Peter looked uncomfortable. “I’m not there. And you—you’re never honest, Lena, you never face anything. You’re like a child yourself sometimes.” He added in a nostalgic voice: “My parents were amazing.”
“I wasn’t raised by wolves, either.”
“No one said you were.”
Lena grabbed her sandals, slid her feet into them. She fumbled with the buckles but it was as if her fingers had bloated, unable to manage the simple mechanics of grasping the latch or sliding the straps into the buckle openings. She abandoned the effort and grabbed her purse.
“Where are you going?”
She left the room without answering. The door slammed shut behind her. Outside, she stopped and slowed her breath. The windowless hallway stretched long and dark. At one end, it opened into a living room with an adjoining balcony. The room was now subsumed in soft light, like the mouth of a tunnel on a sunny day. At the other end, the hallway funneled into the kitchen and the front door of the apartment. The rooms along the way were closed. Grateful for the privacy, Lena stumbled toward the front door, her loose sandal buckles clacking against the hardwood.
A chubby little girl emerged from the kitchen and blocked her path in the hallway like a kind of clay dough apparition.
“Want to help make caramel brownies?” The child’s sticky fingers squirmed in the air like tentacles.
Lena pulled back. It was one of Alex’s girls, Tara or Tea—she was blanking on the name.
“Move,” she snapped.
The child’s head bent back in an awkward way, her features crumpling for a moment before she disappeared out of view. Lena heard soft, rapid footsteps retreating down the hallway behind her.
Probably, no one had ever yelled at the child. She turned around to apologize, but the hallway was empty again.
In the kitchen, she passed the detritus of broken eggshells, smears of brownie batter, and melting slabs of butter on the counter. The oven was still on. Lena turned it off in case no one came back. As she reached for the front door, keys jangled behind her, a shoe clicked on the kitchen tile.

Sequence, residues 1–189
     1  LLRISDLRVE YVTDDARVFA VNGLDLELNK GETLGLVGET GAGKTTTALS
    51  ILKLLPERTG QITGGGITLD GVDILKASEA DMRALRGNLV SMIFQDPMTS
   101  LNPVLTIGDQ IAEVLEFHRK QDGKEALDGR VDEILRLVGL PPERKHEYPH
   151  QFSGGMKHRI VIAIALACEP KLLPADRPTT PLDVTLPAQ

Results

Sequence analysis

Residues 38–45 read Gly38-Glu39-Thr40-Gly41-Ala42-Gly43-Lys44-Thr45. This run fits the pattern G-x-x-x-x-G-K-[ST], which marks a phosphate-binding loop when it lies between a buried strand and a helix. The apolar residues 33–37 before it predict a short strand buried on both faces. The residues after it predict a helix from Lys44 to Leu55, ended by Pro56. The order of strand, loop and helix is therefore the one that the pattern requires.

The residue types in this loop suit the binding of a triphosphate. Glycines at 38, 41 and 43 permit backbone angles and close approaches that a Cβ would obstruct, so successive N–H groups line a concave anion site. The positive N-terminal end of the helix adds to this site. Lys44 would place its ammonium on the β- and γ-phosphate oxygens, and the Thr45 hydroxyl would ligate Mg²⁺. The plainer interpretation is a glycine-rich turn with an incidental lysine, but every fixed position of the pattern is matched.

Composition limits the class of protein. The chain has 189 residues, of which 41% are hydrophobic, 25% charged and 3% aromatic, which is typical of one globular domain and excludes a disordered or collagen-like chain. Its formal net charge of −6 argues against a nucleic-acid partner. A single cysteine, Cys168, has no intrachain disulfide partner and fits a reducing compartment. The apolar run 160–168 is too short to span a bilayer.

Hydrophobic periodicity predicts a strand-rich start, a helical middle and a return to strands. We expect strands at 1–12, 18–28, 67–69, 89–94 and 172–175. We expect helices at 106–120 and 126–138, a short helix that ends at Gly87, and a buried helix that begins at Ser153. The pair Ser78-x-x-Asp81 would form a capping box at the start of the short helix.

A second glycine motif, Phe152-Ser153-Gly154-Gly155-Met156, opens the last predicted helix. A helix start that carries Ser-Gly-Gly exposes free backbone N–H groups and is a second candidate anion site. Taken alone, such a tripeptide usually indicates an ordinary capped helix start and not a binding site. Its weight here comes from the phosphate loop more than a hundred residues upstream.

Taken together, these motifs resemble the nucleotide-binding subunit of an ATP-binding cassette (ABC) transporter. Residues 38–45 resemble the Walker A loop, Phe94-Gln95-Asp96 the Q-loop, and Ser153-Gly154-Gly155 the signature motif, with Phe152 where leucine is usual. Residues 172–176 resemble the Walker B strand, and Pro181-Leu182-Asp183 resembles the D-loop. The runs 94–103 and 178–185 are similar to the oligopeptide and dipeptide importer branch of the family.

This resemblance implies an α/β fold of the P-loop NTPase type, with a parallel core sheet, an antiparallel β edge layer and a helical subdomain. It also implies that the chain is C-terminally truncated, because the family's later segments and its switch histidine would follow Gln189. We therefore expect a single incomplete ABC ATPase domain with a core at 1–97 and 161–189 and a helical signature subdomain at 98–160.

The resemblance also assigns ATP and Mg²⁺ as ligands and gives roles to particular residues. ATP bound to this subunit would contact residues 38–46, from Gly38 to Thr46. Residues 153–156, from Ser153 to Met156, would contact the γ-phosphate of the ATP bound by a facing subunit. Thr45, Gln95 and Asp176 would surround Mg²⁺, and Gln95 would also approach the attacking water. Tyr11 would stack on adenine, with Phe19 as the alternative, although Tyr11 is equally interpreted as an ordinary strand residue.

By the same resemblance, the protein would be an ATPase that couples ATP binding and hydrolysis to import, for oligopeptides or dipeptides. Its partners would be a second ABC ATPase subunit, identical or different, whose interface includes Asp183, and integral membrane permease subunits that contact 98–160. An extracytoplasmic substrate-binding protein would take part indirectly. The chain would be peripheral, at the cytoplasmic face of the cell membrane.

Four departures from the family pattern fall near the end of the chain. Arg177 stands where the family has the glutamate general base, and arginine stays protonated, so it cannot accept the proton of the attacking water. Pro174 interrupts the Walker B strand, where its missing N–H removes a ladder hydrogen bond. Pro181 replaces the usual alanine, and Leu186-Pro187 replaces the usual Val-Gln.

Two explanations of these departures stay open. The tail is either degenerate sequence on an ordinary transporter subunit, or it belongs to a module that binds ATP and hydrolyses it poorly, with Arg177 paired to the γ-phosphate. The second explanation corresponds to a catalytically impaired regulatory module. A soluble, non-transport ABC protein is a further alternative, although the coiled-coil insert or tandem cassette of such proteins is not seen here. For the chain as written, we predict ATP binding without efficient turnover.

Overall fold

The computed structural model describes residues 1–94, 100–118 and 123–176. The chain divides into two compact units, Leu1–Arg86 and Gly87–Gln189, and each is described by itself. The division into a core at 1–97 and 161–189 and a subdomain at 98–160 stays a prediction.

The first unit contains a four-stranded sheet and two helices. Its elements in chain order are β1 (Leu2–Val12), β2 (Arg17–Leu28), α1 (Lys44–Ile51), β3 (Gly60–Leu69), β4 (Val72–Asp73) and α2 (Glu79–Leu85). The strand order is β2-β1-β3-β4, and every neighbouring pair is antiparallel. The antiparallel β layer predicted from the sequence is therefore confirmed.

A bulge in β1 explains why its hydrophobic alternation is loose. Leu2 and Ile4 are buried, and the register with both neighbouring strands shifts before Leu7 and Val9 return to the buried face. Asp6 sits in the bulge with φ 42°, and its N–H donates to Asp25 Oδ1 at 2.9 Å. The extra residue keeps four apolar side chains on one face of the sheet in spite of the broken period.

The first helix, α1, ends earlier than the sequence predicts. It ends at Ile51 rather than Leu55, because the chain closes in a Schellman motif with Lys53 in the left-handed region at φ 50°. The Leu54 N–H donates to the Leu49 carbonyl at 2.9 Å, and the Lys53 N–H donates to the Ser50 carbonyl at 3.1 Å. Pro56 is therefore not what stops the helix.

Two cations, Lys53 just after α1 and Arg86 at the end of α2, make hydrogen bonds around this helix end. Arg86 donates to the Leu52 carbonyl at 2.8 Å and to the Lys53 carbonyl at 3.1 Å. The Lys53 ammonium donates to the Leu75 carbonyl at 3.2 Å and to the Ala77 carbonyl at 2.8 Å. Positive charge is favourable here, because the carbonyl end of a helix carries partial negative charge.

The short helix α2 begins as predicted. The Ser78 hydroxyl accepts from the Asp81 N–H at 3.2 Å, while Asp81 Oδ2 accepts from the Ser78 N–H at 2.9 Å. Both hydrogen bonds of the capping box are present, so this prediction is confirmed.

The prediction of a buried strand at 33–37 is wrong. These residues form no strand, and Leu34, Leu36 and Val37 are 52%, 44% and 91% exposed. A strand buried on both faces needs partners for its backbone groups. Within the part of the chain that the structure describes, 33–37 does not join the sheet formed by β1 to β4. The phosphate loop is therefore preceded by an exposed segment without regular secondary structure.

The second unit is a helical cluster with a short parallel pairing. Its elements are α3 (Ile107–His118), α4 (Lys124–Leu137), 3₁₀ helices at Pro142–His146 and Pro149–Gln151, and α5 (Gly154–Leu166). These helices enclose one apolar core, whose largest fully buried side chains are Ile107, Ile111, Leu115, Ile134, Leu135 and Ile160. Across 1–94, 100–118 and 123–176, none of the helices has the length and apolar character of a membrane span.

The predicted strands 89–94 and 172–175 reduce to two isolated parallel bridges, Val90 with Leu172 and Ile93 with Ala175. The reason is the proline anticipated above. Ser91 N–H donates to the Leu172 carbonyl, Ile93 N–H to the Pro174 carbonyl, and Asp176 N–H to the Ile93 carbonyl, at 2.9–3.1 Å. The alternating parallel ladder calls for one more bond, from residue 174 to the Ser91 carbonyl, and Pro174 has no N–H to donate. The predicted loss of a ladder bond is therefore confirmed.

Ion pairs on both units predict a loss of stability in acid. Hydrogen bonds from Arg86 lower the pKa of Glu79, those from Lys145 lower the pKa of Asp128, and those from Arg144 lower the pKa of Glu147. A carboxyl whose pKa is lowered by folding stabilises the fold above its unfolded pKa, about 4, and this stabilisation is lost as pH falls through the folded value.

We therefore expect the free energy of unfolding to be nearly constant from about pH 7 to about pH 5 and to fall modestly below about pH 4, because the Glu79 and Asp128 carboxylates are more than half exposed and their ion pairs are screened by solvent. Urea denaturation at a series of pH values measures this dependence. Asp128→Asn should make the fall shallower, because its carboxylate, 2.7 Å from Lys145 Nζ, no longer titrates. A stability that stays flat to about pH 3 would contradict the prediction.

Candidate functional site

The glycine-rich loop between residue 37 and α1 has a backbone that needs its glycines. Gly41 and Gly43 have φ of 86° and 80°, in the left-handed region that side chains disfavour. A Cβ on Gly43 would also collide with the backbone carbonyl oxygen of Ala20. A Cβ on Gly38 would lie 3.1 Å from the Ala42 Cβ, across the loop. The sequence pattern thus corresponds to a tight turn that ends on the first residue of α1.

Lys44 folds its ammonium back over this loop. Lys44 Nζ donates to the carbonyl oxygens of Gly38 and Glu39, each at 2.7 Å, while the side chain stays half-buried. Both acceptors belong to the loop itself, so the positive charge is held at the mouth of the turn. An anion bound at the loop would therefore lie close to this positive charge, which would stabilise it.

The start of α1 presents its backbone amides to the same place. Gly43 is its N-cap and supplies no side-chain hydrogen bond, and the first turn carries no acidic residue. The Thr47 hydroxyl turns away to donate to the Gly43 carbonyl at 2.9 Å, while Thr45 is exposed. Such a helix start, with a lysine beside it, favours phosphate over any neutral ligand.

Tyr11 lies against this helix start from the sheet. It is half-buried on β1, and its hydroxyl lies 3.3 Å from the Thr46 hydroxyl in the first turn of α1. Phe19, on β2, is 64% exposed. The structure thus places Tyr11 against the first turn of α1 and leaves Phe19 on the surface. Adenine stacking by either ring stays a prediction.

“Let’s go for a drive.” Peter grabbed her arm and led her out of the apartment, down the hallway to the elevator, and across the marble lobby.
By the time they reached the car, Lena’s entire system felt disturbed. Her mind had splintered into countless impressions and ideas—all negative.
They pulled out of the parking lot and drove along the wide boulevard in silence. The sun was in retreat now, leaving behind an undercurrent of quiet violence in its place. Charcoal tones muted the palm trees and spaces between low buildings. Shops advertising fresh juices and Cuban coffee tossed deep shadows on the sidewalk. The pastel motels along South Ocean Drive appeared dilapidated in the sinking twilight—chipped paint, yellowed lawns separated by rusty chain fences. Figures emerging from the motels were thinner than the ones on the beach.
Lena rolled down the window. An erratic wind stirred the palms, which loomed over the car like ancient guillotines beneath a gray sky.
She shivered. In the distance, a mass of clouds converged over the waters, which had lost their azure tones and now looked murky and cold. A storm was spinning on its way toward them.
The car pressed forward and Lena stared at her lap and didn’t think about Peter next to her. She thought instead of a crystal lake in New Hampshire where her father took the family every summer when she was growing up. The lake was shallow for miles and as translucent as blown glass. Lena remembered looking down into the water at her feet, bloated and pale, wavering at the edges.
Peter squinted up through the windshield at the blackening sky.
“We can’t be out here.” He stopped the car and executed a U-turn in the middle of the street.
Ten minutes from home, the downpour began. They inched along the empty streets past white houses and expansive green lawns, a conveyor belt of blurry watercolor images.
Peter rubbed his beard with one hand and steered with the other.